The world to which Elliot awakens is not the one he remembers, though it’s the one he has long envisioned. Banks are offline; cash is king. Debt appears to be well and truly erased, for students and failed states alike. And yet outside of ATM lines, the streets of Manhattan are mostly calm. This was perhaps the smartest and most subtle detail in a show best known for its excess. In the earliest hours of a revolution, when the chaos is limited to “people in expensive clothes, running around,” the majority of the population — let’s call them “Lennys” — will sit back and wait for the scale to right itself. Misplaced faith in institutions has been a running theme in TV storytelling this summer, from Show Me a Hero on HBO and Fear the Walking Dead on AMC to Jon Stewart’s final Daily Show broadcast. (Stewart’s cautionary editorial about the dangers of bullshit was nicely echoed by Christian Slater tonight during his ebullient, bleak monologue in Times Square.) But none of these shows tackles the idea as gleefully as Mr. Robot. We all want to believe in the powerful men in their powerful suits, that a few speeches and bailouts can undo catastrophic damage. But not every virus has a cure. In the world of Mr. Robot, the hack isn’t the end of something. It’s the beginning.
Acting as the stilettoed Charon for our trip into the underworld of real power is Angela. I’ll forgive her implausible corporate ascension — from the Jersey suburbs to the highest echelons of power in just 48 hours! — for two reasons. One, because her presence was necessary in order to give us access to the innermost corners of Evil Corp. And two, because, as Phillip Price’s leering smile suggests, her hiring was anything but an accident. From the antiseptic bullpen of Allsafe to the gilded penthouses of Evil Corp, the only thing that has changed for Angela is the cost of her shoes and the volume of the male voices yelling at her. Portia Doubleday’s performance has been frequently overlooked this season, lost in the long shadow of Rami Malek and Slater. But in many ways it has been the most fascinating on the show: a master class in frustration and yearning. While Elliot plunged into the extralegal margins, Angela pursued her own line of revenge diligently and more or less “correctly.” She held her tongue; she subsumed her ego. And in the end, what did it get her? A higher pay grade and blood spatter all over her bleach-white pumps.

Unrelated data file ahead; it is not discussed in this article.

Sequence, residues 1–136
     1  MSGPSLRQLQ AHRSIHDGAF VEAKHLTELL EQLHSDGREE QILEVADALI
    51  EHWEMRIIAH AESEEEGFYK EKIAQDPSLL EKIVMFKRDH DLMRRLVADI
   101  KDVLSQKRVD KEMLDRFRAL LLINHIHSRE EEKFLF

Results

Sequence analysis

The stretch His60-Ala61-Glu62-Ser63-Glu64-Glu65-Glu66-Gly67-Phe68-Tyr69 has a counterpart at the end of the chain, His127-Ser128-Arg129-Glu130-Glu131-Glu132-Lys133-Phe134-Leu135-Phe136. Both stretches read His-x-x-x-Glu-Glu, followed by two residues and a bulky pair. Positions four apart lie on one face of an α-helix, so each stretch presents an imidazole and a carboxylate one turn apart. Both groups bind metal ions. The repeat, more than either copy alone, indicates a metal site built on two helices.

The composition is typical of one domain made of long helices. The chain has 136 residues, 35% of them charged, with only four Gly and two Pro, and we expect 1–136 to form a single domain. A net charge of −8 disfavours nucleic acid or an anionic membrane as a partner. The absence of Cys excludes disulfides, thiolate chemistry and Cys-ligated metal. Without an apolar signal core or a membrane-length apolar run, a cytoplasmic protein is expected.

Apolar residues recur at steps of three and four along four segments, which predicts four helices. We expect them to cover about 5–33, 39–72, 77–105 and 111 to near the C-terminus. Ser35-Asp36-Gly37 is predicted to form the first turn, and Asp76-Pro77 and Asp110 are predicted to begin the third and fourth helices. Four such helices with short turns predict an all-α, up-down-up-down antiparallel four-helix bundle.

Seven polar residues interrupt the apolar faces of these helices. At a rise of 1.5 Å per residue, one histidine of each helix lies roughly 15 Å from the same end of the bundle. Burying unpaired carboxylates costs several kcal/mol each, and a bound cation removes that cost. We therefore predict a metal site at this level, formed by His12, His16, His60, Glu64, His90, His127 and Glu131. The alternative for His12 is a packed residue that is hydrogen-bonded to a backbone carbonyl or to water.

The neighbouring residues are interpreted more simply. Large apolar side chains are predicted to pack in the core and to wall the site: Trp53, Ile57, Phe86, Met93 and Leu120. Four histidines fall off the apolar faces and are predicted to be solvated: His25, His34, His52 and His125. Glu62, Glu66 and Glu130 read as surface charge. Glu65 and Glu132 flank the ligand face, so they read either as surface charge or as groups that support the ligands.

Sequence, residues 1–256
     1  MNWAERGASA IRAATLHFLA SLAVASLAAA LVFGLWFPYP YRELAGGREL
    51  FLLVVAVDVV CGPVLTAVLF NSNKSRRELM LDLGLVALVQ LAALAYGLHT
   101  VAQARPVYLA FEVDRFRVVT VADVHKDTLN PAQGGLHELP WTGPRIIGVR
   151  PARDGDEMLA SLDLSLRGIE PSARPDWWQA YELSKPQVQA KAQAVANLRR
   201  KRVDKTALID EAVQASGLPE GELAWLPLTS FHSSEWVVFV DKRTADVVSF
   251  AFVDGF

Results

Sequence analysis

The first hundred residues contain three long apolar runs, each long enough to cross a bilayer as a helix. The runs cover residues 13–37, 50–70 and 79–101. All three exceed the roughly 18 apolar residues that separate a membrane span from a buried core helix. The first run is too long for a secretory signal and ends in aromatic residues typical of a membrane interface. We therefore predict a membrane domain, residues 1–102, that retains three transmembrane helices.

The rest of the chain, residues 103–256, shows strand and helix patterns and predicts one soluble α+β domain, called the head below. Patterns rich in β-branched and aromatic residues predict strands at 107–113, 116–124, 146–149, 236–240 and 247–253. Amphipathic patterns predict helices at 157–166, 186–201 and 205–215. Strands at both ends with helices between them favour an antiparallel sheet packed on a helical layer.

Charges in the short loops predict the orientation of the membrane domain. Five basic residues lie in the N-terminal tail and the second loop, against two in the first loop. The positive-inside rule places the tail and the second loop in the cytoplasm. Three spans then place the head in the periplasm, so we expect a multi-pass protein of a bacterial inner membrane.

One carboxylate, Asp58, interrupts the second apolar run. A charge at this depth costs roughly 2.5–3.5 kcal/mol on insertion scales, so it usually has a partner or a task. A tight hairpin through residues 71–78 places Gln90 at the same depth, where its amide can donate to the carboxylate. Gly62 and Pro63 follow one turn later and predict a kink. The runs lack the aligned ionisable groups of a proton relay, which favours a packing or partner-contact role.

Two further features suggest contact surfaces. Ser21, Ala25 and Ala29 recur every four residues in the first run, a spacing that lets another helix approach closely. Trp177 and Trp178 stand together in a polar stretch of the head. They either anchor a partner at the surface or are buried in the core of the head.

The fate of Evil Corp executive James Plouffe (Richard Bekins) was the finale’s most shocking scene — and it was so even when I first saw the episode last week, before the Virginia shootings. That its presence led to the episode being delayed a week out of respect for those affected by the horrific on-camera deaths was equally shocking, though certainly understandable. For me, the delay was as much about protecting the art of Mr. Robot as it was about responding to reality. After all, Plouffe’s death was not a political act or even an angry one. The clear inspiration was the public suicide of R. Budd Dwyer, the Pennsylvania treasurer who shot himself in a similar fashion the day before he was due to be sentenced for a crime he didn’t commit. (Said Plouffe, just before pulling the trigger: “Calm down, calm down.” Said Dwyer: “Don’t, don’t, don’t, this will hurt someone.”) There’s a brand of hopelessness unique to the very privileged. It’s evident only in the moment they realize that they, too, are mortal; that the laws of God and, yes, of men apply to them as well. Unfairness doesn’t discriminate, even if people like Plouffe often do.
But what about the men who play God? That was certainly the most eyebrow-raising moment in an episode full of them, when Mr. Robot — loosed in the flickering, neon heart of Manhattan — announced, “I’m only supposed to be your prophet; you’re supposed to be my god!” This was the second religious head-scratcher in the last few weeks, after Tyrell’s wide-eyed Come-to-Jesus moment just before his wife Went-to-the-Pickle-Fork. Is this sort of worship meant to be any different than the way Evil Corp bros prostrate themselves in front of checkbooks? Is blind faith holy or insane — or is Esmail suggesting there isn’t a difference? It’s unclear, though one glimpse of Elliot choking himself against the wall of a web café gave me a pretty good clue. And that was before the dramatics of Elliot’s imaginary nuclear family detonating on 42nd Street like a dirty bomb. “I want to be alone,” Elliot begs to his broken psyche. “You don’t want that, remember?” his father says, safe on the big screen. “You were in pain … You begged for us to come … Sit at your computer and watch the beautiful carnage we’ve created together.”
And, like a good boy, that’s precisely what Elliot does. The episode ended with Elliot staring slack-jawed into a monitor, much as you and I are right now. An Alabama Shakes song played. Outside was chaos. Inside was peace. And then a knock on the door.